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Wednesday, May 20, 2009

High Life by Hayes Hemingway

Hayes Hemingway is a writer from Essex County, New Jersey, living in California.

It's a new day in America. The way the country thinks with regards to its view on Marijuana is beginning to change, and the evidence of that is coming straight from the horse's mouth. The man chosen to head the Office of National Drug Control Policy, Gil Kerlikowske, said in an interview with the Wall Street Journal on May 14th, 2009, that "Regardless of how you try to explain to people [whether you say] it's a 'war on drugs' or a 'war on a product,' people see a war as a war on them. We're not at war with the people of this country."

The Obama administration made noise early into its first term when they said that raiding dispensaries was a waste of resources. Authorities used federal law to raid the dispensaries creating a debate between states rights versus federal law. Still some cities in states where voters have made medical Marijuana legal, ban it altogether.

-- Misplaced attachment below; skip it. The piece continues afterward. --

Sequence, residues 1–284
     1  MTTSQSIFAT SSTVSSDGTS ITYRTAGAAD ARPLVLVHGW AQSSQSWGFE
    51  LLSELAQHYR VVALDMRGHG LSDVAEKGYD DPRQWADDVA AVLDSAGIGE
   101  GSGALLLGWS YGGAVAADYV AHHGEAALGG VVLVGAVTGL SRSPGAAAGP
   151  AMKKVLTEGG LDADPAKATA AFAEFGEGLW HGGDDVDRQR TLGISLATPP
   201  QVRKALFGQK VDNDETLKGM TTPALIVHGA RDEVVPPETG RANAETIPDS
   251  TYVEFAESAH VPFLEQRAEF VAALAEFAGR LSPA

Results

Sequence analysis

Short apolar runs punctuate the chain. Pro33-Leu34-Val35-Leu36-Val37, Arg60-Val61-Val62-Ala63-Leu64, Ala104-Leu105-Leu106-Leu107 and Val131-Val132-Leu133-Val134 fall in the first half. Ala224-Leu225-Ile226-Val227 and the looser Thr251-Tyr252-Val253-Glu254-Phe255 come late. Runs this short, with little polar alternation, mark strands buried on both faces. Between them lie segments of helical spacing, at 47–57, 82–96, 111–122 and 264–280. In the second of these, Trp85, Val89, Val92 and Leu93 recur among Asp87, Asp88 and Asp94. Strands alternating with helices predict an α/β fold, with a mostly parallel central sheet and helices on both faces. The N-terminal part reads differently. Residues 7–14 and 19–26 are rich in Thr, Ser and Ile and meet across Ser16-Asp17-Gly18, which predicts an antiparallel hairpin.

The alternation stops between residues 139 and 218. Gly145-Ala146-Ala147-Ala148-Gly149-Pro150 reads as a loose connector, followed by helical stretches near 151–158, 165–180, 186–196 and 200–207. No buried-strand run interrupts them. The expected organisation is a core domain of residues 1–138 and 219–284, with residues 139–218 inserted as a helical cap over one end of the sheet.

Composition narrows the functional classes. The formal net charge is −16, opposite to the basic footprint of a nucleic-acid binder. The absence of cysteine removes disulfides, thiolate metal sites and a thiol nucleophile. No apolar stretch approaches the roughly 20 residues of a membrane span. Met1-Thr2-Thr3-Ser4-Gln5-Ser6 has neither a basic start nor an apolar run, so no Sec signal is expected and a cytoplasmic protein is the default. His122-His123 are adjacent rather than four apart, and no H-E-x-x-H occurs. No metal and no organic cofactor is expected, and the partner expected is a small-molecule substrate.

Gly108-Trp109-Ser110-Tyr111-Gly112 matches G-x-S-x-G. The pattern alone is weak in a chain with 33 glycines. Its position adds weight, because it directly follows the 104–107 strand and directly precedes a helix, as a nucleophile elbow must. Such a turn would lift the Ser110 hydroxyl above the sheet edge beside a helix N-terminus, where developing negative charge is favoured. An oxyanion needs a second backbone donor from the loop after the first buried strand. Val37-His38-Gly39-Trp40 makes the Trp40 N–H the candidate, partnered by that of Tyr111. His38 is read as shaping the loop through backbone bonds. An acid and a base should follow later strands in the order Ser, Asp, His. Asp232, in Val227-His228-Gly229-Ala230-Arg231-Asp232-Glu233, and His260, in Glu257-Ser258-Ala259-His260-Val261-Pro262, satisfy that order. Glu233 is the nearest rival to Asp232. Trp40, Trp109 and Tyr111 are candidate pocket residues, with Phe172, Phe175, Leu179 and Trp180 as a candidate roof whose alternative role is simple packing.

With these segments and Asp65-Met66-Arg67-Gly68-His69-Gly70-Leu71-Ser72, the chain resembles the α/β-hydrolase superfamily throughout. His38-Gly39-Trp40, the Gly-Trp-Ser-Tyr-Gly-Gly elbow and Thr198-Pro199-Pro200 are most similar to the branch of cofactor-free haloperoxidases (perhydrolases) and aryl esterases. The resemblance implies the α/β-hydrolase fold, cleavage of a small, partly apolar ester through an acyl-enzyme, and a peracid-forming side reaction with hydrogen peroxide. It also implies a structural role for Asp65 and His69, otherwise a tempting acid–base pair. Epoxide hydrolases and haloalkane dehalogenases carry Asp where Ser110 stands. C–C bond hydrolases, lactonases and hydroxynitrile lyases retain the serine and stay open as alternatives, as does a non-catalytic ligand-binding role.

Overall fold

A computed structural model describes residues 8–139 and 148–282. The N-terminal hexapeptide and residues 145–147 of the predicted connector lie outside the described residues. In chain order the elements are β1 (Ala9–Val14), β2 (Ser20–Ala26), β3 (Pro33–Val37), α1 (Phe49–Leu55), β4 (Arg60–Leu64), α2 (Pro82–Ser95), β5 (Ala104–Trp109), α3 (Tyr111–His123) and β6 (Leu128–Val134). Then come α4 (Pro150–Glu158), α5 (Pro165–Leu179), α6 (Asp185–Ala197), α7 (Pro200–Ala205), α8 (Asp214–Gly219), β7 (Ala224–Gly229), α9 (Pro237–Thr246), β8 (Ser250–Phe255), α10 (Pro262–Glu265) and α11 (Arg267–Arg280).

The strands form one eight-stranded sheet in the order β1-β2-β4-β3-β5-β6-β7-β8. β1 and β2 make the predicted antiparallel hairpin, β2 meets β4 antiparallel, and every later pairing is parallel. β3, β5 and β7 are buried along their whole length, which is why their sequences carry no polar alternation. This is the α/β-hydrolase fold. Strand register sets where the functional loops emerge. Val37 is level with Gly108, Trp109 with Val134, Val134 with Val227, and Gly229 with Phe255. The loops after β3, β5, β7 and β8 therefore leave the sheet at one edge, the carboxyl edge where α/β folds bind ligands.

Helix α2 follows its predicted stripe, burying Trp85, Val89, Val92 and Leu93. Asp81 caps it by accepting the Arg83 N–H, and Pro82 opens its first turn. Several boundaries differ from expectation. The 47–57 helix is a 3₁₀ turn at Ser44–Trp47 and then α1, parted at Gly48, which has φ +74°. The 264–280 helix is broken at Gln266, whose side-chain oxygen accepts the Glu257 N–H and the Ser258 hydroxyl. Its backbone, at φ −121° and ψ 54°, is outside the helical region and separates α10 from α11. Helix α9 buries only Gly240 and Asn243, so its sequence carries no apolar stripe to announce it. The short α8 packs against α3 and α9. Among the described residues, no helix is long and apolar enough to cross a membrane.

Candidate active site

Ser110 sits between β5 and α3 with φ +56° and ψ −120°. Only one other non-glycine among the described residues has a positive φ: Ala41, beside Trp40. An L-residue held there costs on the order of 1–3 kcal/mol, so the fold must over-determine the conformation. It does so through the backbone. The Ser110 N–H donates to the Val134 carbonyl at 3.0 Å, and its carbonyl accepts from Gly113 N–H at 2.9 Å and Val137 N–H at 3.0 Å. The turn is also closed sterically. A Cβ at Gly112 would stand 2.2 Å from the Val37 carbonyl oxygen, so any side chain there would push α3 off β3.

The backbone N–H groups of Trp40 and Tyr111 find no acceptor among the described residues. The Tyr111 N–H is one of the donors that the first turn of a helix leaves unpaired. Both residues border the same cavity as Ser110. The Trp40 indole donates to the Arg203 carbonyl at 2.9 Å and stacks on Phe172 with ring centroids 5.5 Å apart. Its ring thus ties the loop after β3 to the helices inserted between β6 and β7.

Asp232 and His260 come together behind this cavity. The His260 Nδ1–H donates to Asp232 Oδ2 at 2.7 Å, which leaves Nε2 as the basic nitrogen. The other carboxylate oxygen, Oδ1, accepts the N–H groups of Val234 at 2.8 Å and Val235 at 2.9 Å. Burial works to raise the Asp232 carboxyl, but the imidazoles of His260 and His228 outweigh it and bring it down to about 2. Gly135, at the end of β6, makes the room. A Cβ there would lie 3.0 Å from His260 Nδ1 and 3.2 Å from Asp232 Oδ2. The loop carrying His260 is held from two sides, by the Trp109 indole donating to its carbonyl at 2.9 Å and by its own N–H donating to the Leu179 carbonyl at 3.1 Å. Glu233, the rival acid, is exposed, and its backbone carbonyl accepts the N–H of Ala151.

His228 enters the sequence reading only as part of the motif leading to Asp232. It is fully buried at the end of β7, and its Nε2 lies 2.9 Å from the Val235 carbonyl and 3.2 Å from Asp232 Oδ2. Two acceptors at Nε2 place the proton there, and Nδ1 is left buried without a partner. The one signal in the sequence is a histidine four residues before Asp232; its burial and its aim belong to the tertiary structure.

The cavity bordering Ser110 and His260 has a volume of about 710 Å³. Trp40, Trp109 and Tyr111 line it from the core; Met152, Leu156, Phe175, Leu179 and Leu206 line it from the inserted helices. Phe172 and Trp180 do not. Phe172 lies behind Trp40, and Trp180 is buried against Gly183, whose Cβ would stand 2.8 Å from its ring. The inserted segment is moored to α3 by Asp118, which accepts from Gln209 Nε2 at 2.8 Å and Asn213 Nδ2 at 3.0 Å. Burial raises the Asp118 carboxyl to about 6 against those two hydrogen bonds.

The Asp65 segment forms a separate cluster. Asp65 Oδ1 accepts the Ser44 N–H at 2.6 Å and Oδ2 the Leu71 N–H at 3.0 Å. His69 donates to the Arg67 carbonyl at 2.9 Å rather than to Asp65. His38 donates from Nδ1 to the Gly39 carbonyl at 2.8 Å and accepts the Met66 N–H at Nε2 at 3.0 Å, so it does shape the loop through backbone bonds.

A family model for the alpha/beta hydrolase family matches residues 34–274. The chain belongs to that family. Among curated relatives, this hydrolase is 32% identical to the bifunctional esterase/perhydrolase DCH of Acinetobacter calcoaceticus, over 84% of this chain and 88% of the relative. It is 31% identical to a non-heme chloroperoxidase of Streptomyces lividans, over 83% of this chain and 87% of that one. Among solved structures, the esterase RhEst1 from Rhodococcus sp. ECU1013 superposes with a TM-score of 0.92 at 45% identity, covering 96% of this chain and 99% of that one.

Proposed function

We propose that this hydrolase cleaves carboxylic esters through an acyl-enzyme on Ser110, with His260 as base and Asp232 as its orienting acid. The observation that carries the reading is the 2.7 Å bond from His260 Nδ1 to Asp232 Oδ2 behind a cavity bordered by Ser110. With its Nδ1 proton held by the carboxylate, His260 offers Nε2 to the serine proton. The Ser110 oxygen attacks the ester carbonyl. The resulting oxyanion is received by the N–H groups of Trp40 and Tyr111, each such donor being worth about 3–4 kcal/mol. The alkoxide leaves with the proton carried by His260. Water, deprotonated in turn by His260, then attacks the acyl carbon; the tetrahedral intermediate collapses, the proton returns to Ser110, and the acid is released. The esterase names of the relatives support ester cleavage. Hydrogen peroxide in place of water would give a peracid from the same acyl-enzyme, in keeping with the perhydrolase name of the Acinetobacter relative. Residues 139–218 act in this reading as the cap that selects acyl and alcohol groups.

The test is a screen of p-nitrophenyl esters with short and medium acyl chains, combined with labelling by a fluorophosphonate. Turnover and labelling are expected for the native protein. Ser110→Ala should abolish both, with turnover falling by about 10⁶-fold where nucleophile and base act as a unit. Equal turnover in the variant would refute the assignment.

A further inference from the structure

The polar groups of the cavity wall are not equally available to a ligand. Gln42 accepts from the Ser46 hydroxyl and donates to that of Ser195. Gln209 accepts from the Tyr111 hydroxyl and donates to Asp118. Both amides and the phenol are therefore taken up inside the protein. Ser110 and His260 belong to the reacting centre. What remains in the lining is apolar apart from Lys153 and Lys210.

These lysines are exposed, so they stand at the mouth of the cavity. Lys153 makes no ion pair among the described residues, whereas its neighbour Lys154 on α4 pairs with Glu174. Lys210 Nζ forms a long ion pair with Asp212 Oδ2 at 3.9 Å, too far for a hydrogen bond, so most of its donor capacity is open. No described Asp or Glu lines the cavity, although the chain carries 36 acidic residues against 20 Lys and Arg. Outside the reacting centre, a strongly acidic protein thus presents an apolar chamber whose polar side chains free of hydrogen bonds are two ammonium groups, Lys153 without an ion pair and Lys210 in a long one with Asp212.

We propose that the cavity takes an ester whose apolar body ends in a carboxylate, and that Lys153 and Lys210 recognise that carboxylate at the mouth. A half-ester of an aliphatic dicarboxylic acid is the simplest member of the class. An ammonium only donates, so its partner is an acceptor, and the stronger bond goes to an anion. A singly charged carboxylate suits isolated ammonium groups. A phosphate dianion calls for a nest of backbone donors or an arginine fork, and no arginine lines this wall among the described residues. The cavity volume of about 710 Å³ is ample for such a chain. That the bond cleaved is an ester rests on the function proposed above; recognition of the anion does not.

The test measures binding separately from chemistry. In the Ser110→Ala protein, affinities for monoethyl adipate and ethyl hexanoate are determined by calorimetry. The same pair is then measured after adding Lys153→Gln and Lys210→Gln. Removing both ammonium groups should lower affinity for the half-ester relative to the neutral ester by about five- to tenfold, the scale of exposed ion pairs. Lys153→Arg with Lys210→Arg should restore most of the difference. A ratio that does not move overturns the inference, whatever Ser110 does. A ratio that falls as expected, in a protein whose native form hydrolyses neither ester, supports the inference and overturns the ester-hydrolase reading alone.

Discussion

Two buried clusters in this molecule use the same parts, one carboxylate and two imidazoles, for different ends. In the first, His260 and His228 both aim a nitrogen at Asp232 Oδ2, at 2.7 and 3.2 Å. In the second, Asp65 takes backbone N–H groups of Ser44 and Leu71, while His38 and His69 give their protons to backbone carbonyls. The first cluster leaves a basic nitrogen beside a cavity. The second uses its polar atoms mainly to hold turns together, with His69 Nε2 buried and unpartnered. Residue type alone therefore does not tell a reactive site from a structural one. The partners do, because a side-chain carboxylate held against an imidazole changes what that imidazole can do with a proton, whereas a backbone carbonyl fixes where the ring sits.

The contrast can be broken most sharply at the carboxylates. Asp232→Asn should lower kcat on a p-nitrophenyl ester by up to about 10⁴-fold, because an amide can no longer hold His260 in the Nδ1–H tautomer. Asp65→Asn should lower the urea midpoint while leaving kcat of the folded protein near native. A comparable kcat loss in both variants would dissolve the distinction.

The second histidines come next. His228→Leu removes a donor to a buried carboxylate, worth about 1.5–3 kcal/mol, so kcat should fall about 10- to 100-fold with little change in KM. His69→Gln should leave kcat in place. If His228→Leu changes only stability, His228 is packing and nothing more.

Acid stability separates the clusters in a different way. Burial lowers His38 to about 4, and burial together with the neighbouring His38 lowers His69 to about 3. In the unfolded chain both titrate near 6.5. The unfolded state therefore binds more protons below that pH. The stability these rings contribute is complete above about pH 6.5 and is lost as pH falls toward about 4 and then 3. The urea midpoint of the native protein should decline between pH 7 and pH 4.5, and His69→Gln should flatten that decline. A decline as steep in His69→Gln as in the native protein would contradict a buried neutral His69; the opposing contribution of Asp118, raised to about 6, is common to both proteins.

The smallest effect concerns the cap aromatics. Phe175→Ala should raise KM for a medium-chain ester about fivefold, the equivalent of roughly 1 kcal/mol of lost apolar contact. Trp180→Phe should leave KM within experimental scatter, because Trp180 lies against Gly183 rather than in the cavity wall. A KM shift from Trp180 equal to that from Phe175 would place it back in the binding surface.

Los Angeles County has hundreds of dispensaries, cannabis clubs, and delivery services, but not too far away in Anaheim these business aren't allowed to operate. Some counties throughout California like Amador, Contra Costa, El Dorado, Merced, Riverside, Stanislaus and Sutter have ordinances banning pretty much anything related to medical Marijuana.

So naturally this is a delicate issue, which can only be solved by the legalization of Marijuana in the United States, and California is exploring that option. Rumors spread that there would be a vote for it to be legal for adults, with an ID card system much like alcohol. The rumors have some truth to them.

California Assemblyman Tom Ammiano, a Democrat from San Francisco has proposed legislation to begin treating marijuana like booze, giving the right to anyone over 21 to use it, but his proposal calls for taxing the plant heavily. Some say that this bill could bring the broke state $1.3 Billion annually in revenue. Right now the state collects $18 million annually from medical Marijuana.